July 17, 2019
Collaborative research group maps the three-dimensional genomic structure of glioblastoma and discovers a new therapeutic strategy to eliminate cells at the roots of these brain tumours
Current treatment for glioblastoma – the most common type of malignant brain cancer in adults – is often palliative, but new research approaches have pointed to new promising therapeutic strategies.
A collaborative study, recently published in Genome Research, has mapped the three-dimensional configuration of the genome in glioblastoma and discovered a new way to target glioblastoma stem cells – the self-renewing cells that are thought to be the root cause of tumour recurrence.
The research group integrated three-dimensional genome maps of glioblastoma with other chromatin and transcriptional datasets to describe the mechanisms regulating gene expression and detail the mechanisms that are specific to glioblastoma stem cells. They are one of the first groups in the world to perform three-dimensional genomic analyses in patient-derived tumour samples.
“The 3D configuration of the genome has garnered much attention over the last decade as a complex, dynamic and crucial feature of gene regulation,” says Dr. Mathieu Lupien, Senior Scientist at the Princess Margaret Cancer Centre, OICR Investigator and co-author of the study. “Looking at how the genome is folded and sets contacts between regions tens to thousands of kilobases apart allowed us to find a new way to potentially tackle glioblastoma.”
Through their study, the group discovered that CD276 – a gene which is normally involved with repressing immune responses – has a very important role in maintaining stem-cell-like properties in glioblastoma stem cells. Further, they showed that targeting CD276 may be an effective new strategy to kill cancer stem cells in these tumours.
Lupien adds that advancements in three-dimensional genomics can only be made through collaborative efforts, like this initiative, which was enabled by OICR through Stand Up 2 Cancer Canada Cancer Stem Cell Dream Team, OICR’s Brain Cancer Translational Research Initiative and other funding initiatives.
“This research was fueled by an impressive community of scientists in the area who are committed to finding new solutions for patients with brain cancer,” Lupien says. “Our findings have emphasized the significance of three-dimensional architectures in genomic studies and the need to further develop related methodologies to make sense of this intricacies.”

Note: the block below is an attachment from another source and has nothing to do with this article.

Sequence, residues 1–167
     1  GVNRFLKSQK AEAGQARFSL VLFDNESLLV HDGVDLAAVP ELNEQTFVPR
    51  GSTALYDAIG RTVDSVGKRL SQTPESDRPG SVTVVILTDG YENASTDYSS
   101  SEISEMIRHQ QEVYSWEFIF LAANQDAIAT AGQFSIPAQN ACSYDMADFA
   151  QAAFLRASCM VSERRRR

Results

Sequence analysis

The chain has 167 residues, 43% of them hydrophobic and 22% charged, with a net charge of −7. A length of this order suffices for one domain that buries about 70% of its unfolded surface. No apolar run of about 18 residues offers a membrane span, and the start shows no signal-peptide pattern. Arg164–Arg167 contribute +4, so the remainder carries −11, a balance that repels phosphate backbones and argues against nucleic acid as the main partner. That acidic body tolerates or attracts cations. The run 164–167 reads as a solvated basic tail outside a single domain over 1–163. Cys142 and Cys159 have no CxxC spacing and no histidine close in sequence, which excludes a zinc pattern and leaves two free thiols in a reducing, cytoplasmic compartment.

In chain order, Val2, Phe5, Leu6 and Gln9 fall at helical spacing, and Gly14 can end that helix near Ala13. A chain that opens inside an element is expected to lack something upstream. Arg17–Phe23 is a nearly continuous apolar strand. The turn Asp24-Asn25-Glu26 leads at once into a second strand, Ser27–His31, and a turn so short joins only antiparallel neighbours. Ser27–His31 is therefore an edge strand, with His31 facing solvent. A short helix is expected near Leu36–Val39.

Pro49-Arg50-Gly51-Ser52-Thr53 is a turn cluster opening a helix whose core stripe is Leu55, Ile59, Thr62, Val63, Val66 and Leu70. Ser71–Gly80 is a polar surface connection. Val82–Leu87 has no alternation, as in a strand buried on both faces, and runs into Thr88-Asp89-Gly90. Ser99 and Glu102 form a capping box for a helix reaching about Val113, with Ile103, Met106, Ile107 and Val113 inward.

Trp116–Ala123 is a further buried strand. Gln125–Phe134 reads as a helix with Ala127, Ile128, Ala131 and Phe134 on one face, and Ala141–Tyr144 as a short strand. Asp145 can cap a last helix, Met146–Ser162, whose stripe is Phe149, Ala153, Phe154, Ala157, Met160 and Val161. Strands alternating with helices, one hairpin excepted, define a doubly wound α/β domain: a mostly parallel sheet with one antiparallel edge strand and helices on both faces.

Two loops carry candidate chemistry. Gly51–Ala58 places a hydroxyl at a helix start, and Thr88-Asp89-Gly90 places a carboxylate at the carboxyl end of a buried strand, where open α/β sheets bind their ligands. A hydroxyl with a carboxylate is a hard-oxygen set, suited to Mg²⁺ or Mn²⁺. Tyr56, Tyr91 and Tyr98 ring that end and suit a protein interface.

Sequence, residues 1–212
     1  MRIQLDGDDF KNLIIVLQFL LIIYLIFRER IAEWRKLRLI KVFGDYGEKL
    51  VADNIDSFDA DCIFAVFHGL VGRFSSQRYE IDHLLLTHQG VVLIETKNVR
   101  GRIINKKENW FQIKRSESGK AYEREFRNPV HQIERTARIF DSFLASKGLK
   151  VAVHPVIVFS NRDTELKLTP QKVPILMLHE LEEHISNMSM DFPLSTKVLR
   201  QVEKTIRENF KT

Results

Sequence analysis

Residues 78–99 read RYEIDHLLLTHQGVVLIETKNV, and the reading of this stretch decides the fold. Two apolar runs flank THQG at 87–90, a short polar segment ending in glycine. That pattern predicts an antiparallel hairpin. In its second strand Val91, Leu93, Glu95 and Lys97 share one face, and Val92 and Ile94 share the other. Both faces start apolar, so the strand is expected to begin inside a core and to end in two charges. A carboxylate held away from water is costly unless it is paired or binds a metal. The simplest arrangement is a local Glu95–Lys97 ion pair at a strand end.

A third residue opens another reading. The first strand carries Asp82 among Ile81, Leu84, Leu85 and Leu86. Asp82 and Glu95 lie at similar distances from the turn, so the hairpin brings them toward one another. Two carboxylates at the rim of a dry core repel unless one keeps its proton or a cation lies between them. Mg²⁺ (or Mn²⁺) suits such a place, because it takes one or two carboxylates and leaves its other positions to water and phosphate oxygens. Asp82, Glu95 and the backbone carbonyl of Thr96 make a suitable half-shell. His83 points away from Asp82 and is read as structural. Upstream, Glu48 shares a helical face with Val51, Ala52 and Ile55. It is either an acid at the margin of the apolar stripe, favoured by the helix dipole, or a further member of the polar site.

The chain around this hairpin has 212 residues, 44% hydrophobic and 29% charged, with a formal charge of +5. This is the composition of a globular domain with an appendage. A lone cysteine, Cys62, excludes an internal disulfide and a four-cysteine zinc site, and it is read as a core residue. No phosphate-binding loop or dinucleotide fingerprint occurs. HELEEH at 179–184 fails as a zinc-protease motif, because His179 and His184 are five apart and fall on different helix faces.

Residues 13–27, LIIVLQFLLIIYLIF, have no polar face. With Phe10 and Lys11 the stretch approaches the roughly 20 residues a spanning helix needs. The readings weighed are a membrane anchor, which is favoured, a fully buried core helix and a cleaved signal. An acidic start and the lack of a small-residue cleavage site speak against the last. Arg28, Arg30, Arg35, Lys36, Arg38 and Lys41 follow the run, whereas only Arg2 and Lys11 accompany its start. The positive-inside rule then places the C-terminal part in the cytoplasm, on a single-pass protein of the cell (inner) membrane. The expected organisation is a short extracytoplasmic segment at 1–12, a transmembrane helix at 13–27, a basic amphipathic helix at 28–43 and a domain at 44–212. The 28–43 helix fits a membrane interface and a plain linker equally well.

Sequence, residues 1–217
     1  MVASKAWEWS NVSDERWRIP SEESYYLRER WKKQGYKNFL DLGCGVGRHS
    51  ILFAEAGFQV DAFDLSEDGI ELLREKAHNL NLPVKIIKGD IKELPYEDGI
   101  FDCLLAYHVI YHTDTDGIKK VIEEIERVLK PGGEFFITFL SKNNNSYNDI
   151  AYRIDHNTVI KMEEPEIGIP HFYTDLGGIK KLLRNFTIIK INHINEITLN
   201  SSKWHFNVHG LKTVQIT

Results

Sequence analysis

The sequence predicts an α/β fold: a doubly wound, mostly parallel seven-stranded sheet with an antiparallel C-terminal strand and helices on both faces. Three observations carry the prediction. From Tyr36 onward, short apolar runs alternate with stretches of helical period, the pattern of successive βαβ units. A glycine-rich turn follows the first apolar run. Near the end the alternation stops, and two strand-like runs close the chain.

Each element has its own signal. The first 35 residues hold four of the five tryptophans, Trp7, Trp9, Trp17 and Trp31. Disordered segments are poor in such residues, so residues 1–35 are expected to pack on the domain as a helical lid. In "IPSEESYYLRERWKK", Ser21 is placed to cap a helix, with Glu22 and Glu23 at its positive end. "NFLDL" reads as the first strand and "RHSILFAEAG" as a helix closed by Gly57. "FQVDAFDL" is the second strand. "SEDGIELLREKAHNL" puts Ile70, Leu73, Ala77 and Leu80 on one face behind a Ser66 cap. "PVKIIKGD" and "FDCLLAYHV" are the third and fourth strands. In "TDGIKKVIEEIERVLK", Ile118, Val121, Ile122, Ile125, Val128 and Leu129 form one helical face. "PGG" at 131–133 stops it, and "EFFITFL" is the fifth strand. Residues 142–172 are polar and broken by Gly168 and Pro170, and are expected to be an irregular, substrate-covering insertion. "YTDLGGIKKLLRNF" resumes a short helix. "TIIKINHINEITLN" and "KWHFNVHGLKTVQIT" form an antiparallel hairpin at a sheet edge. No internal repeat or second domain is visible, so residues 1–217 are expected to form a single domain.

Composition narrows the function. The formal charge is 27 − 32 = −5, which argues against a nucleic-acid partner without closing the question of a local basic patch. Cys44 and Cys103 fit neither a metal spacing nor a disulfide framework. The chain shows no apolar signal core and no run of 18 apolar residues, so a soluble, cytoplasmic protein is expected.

Senior author of the study, Dr. Marco Gallo will continue to investigate CD276 as a potential therapeutic target for glioblastoma. He plans to further delineate the architecture of these cancer stem cells to identify more new strategies to tackle brain tumours.
“A key problem with current glioblastoma treatments is that they mostly kill proliferating cells, whereas we know that glioblastoma stem cells are slow-cycling, or dormant. Markers like CD276 can potentially be targeted with immunotherapy approaches, which could be an effective way of killing cancer stem cells, irrespective of how slowly they proliferate,” says Gallo, who is an Assistant Professor at the University of Calgary. “Being able to kill cancer stem cells in glioblastoma could have strong implications for our ability to prevent relapses.”
April 17, 2019
Collaborative research group identifies new cancer-driving mechanisms in brain cancer stem cells, describes novel ways to overcome the limited effectiveness of standard therapy
Glioblastoma is the most common and the most deadly type of brain cancer found in adults, yet there have been no new advances in treating this disease for almost two decades. Recent research has provided a wealth of knowledge about the genomics – or the abnormal genetic code – of glioblastoma, but this has yet to translate into new treatments for patients. Understanding which genes drive glioblastoma can help uncover new ways to treat this incurable disease, and a pan-Canadian research group has set out to do just that.
Researchers from the University of Toronto, The Hospital for Sick Children and the University of Calgary have teamed up to identify genetic vulnerabilities in brain cancer stem cells – the cells that often resist treatment and cause the disease to return in patients after treatment. Their recent findings, which were published today in Cell Reports, uncovered new targets for glioblastoma and unraveled some of the complex mechanisms behind the disease.